NRB mandates recording of foreign loan investment within six months post disbursement of foreign loan through proper banking channel. The NRB Bylaw provides one time recording opportunity for those foreign loan investments which are yet to be recorded within a year from the date of enactment of the Bylaw (i. e. within June 7, 2022). The NRB will issue certificate of foreign loan investment recording within seven days from the date of application. Without furnishing certificate of recording, NRB can allow repatriation of foreign loan investment.
The NRB Bylaw provides priority to BFIs over foreign lenders in case of repayment as well. This is inferred from the NRB Bylaw which states that at the time of repatriation of foreign lending, a borrower shall submit (a) Document certifying that the borrower has not been blacklisted by Credit Information Bureau of Nepal (CIB) and (b) a self-declaration stating that there are no pending loans payable to local BFIs.
This is inconsistent with the approach of Nepali law and agreement clause which allows payment of secured creditors (foreign lender in case of foreign lending) before other creditors. However, the NRB Bylaw does not provide any provision or procedures as to how NRB will process repatriation approval if the borrower is blacklisted. In lack of this clarity and in view of the requirement of NRB Bylaw to submit proof of borrower not being blacklisted and self-declaration regarding default loan, NRB is unlikely to permit repatriation approval in such cases. Therefore, it can be inferred that NRB effectively gives priority and seeks to protect local BFIs over foreign lenders.
In terms of repayment of loan, prior enactment of NRB Bylaw provisions that each time approval from NRB is required for repayment of principal and interest amount. However, in present context NRB approval is not applicable for repatriation of foreign loan investment. Foreign exchange facility is provided by the local BFIs which has received amount for foreign lending but the list of documents to be submitted at local BFIs remains intact as before. The repatriation of foreign loan is allowed into the bank account of the lender (in the country of lender) from where the foreign loan disbursement has been made through proper banking channel.
A foreign investor providing loan to an industry or company against mortgage or collateral of movable or immovable property can auction or forfeit such property for non-payment of loan for recovering the amount under prevailing laws of Nepal. Such action can be exercised against an industry or company and not against a person. NRB has issued a circular on December 28, 2018 permitting a local commercial bank to act as security trustee and agent for the foreign lender, and such agent is entitled to recover the loan and enforce the securities on behalf of the foreign lender. However, there is no clarity on loan recovery and enforcement of security mechanism without involvement of local commercial bank.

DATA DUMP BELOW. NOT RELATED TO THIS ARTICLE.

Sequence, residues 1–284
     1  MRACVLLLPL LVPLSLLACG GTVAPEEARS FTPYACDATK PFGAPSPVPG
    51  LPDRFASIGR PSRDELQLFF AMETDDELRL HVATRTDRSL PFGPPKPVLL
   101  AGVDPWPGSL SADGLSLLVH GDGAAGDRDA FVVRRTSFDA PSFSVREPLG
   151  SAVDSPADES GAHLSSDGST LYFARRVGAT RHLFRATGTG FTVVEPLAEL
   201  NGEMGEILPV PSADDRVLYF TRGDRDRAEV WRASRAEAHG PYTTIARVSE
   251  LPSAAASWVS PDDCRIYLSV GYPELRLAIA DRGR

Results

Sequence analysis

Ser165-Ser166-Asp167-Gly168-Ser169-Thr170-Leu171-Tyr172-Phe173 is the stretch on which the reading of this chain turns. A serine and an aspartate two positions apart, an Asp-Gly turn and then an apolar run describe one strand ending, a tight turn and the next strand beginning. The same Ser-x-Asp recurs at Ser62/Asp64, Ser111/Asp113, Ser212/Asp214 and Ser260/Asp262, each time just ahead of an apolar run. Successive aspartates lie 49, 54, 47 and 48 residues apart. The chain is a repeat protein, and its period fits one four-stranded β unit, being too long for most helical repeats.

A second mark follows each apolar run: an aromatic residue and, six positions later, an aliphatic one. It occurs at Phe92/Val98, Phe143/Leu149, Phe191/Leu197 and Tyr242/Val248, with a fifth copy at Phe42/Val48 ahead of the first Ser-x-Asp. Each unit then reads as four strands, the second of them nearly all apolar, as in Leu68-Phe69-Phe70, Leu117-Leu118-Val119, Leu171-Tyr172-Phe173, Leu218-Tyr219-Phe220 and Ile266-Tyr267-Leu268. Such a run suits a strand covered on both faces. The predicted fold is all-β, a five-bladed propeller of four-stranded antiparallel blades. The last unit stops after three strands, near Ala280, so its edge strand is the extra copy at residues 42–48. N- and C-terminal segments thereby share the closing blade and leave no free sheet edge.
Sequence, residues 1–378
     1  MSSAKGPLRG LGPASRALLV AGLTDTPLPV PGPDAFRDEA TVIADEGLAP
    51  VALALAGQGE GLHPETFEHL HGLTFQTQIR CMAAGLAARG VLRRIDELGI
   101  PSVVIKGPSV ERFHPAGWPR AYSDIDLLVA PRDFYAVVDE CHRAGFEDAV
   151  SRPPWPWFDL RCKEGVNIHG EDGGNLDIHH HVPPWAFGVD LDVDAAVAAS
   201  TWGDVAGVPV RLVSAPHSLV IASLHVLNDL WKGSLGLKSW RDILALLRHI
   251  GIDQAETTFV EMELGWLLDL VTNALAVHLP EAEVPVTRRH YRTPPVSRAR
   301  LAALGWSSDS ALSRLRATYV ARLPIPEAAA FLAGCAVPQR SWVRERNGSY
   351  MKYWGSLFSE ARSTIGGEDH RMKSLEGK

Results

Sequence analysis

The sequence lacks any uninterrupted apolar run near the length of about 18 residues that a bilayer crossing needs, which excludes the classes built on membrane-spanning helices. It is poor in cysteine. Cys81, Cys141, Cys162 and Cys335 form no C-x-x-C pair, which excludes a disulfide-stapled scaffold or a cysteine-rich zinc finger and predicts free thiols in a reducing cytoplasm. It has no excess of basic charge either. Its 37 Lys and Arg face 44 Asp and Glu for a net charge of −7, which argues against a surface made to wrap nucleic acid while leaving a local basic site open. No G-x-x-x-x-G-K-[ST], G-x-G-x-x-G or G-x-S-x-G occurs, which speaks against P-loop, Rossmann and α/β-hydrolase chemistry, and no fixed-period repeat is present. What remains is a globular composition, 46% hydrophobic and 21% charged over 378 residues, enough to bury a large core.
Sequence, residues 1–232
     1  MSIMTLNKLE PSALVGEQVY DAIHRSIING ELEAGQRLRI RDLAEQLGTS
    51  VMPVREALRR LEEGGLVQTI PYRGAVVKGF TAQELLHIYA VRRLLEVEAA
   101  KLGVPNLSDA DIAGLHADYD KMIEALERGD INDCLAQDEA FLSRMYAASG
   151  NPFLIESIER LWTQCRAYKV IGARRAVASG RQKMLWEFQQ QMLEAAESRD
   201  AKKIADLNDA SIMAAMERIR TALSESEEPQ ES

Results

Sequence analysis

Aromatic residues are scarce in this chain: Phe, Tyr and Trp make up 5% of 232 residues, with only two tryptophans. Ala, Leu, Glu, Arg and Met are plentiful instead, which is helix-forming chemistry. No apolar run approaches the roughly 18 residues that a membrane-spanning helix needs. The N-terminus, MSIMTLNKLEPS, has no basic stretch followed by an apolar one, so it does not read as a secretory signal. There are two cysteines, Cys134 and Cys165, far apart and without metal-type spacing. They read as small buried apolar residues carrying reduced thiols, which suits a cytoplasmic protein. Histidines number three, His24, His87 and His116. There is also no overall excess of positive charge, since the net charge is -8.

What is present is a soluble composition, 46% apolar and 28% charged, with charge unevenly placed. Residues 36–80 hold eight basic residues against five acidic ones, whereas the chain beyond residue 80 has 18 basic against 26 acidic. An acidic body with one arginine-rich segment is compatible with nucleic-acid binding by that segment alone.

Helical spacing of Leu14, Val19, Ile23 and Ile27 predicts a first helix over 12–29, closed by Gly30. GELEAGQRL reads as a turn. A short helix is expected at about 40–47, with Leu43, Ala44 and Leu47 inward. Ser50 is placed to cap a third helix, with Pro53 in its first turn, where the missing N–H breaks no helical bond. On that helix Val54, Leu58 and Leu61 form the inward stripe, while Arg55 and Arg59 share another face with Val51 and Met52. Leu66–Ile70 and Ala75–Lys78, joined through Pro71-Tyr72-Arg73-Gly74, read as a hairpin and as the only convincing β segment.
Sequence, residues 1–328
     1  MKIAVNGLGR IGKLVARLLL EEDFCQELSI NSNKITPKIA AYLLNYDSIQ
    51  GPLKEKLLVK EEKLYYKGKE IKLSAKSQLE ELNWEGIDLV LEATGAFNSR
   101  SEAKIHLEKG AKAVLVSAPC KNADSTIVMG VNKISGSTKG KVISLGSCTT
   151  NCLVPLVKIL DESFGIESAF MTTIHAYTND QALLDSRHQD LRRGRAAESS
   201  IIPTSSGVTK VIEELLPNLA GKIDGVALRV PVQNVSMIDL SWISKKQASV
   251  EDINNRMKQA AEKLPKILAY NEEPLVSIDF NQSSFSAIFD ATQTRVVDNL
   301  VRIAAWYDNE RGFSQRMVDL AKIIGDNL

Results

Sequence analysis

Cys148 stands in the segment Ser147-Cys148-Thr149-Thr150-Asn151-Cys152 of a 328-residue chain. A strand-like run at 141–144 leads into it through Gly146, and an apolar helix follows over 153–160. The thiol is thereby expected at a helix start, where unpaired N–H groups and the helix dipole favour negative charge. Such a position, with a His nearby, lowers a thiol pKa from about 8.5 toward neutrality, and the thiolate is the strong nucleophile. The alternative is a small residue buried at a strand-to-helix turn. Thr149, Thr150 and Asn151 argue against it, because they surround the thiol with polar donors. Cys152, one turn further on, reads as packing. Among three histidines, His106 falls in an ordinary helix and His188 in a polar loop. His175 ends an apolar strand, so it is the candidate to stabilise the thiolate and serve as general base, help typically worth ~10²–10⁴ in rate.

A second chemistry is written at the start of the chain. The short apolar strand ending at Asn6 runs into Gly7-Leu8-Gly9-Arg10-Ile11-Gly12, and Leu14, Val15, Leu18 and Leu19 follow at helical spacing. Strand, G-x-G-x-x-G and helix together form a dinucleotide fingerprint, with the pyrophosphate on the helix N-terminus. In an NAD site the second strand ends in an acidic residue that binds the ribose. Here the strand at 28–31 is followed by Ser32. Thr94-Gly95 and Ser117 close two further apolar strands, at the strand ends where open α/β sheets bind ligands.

Recently NRB has enacted ‘Foreign Investment and Foreign Loan Management Bylaws 2021 (2078)’ which can be marked as a milestone development on foreign loan and equity investment. However, NRB Bylaw has not addressed the prevalent issues encapsulated in the foreign loan investment regime as briefly highlighted in above paragraphs.
Government agencies including NRB should be mindful of providing mitigation measures on the prevailing issues by harmonisation of the legal framework on foreign loan investment provided under FITTA and NRB, activating automatic route, providing non-discriminatory and national treatment to foreign lenders, introducing alternative bench mark on interest rate, clarity in floating interest rate, and dual approval requirement, applying autonomous self-help remedy, areas of utilisation fund should be open ended with assurance of easy exit.
On a short note, the potential future should offer periodic legal reforms in conformity with NRB laws and FITTA regime addressing issues highlighted above to avoid inconsistency and ambiguous regime in order to ensure certainty and convenience. Furthermore, consultation with concerned stakeholders should be completed before enacting any laws or consultation should be done at the time of drafting stage of any laws in order to address practical issues in relation to foreign loan investment adopting a pragmatic approach.